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I need an education how rechargable batteries should be charged.

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gary350

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I bought a rechargeable drill and used it to put up about 180 feet of 6 feet tall wood fence plus I use it for many other projects. Under heavy load battery is dead pretty quick. Under light load battery lasts a long time. Battery says 12V 1.3ah. Battery charger that comes with the battery says nothing. After experimenting several times I learned 2, 4, 6 hr charge is not enough, 8 hr charge seems to be perfect, charge longer than 8 hr is no better than 8 hrs. If I don't use the drill for 2 weeks battery is dead. If I don't use the drill for 1 week battery is very low. I have to remember to put battery on charge the day before I plan to use the drill. I get tired of the battery being dead every time I go to use the drill so I put battery on charge then get side tracked on other things while waiting for the battery it gets charged for 2 weeks sometimes. The battery is so irritating being dead all the time so now I leave it on charge all the time. After a year being on charge battery is getting so it only holds a small charge and goes dead quick. Soon the battery will be like the other 3 drills & 3 batteries, it will not hold a charge any more. These are Harbor Freight $15 drills sometimes the batteries last longer than the drills.
 

audioguru

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Cheap batteries do not last long. Name-brand Ni-MH batteries are guaranteed to hold a charge for one year.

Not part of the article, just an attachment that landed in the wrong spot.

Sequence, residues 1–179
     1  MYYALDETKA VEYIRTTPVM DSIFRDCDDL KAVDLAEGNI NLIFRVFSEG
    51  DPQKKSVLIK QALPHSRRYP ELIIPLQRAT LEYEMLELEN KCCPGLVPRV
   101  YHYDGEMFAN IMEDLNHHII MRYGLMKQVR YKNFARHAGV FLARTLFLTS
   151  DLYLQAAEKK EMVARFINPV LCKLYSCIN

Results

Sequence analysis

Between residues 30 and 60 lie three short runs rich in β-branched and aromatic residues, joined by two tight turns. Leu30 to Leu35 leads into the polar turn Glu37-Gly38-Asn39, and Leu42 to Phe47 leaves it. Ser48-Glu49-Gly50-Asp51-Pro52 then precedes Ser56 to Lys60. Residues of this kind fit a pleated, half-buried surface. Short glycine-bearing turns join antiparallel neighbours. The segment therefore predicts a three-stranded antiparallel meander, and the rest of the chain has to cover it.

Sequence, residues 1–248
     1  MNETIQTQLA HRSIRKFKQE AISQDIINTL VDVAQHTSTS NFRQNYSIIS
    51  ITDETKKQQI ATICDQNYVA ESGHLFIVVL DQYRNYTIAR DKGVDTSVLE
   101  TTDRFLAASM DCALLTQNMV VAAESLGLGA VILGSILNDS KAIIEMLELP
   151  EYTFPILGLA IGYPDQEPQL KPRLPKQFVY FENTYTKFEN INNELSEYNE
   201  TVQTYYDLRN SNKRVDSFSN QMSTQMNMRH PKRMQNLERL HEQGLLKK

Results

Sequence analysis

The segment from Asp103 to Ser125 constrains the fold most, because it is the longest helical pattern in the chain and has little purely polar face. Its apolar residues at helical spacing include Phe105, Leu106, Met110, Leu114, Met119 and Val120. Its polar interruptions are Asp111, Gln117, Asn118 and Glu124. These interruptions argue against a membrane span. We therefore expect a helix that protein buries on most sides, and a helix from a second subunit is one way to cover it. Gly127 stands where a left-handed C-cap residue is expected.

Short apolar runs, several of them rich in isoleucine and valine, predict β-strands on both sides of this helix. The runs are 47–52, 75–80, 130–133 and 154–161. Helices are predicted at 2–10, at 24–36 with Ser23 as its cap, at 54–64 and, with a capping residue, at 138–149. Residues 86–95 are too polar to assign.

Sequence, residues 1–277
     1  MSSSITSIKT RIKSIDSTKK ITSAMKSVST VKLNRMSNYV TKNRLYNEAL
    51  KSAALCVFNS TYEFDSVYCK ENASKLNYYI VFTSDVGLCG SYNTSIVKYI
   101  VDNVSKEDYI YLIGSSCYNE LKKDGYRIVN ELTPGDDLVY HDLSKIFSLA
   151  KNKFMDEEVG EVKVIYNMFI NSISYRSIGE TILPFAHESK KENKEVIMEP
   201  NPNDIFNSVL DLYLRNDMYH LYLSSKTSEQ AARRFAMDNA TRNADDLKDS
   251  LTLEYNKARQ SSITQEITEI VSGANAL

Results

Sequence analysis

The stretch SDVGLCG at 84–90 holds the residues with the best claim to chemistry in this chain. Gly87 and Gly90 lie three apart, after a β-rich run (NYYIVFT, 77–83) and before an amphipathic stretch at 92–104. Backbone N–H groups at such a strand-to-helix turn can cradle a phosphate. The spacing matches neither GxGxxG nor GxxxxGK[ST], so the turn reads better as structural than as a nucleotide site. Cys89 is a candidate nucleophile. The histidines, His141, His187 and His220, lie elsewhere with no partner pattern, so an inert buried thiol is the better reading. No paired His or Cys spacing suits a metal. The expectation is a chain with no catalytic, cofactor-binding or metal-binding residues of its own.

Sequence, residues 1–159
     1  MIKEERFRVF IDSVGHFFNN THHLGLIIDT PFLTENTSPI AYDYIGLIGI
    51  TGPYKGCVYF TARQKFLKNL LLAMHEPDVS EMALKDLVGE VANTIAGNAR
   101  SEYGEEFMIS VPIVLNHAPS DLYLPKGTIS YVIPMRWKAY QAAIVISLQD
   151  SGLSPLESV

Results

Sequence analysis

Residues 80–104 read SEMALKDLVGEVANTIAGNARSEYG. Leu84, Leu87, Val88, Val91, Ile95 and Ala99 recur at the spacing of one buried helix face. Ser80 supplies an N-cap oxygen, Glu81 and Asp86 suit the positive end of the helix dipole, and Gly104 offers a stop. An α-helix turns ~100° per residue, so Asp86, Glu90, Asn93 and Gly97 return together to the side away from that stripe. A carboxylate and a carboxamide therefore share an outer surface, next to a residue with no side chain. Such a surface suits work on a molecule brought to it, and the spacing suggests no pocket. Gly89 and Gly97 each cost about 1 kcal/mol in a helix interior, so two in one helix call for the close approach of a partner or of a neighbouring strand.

Cheap chargers kill a battery soon. The charger should detect a full charge then turn off.
Products made properly are not cheap but they last for a long time and charge quickly.
 

tcmtech

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These are Harbor Freight $15 drills
Well that's 90% of your problem right there. You bought the cheapest junk you could find so you're getting what you paid for. :facepalm:
 

gary350

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I guess a good $400 drill should last 40 years, long after I am dead. I don't need a good working drill if I am dead.

 

audioguru

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About 25 years ago I bought an expensive Fluke multimeter. It nearly outlasted me but the doctors fixed me. The Fluke meter is used every day and still works perfectly.
 

tcmtech

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I guess a good $400 drill should last 40 years, long after I am dead. I don't need a good working drill if I am dead.
There are good drills that are less than $400 and more than $15.

I use Craftsman 19.2 cordless tools because they are well built but easy and cheap to find due to their crappy stock batteries they have then rebuild the packs with the high capacity NiMh cells from here http://www.all-battery.com/index.aspx

$20 or less gets you a good used drill and another $30 gets you a battery that will take day in and day out abuse for years.

Or if you don't want to go the DIY pack rebuild route just get a full rebuild kit form here. http://gcbattery.com/
 

tcmtech

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About 25 years ago I bought an expensive Fluke multimeter. It nearly outlasted me but the doctors fixed me. The Fluke meter is used every day and still works perfectly.
In the same timeline I bought a set of good cheap brand meters for ~$30 - $40 each that both likely have 3x the functions your overpriced fluke does and both have weathered far more abuse than yours likely ever has yet they are still going strong and pass calibration checks every time.
 
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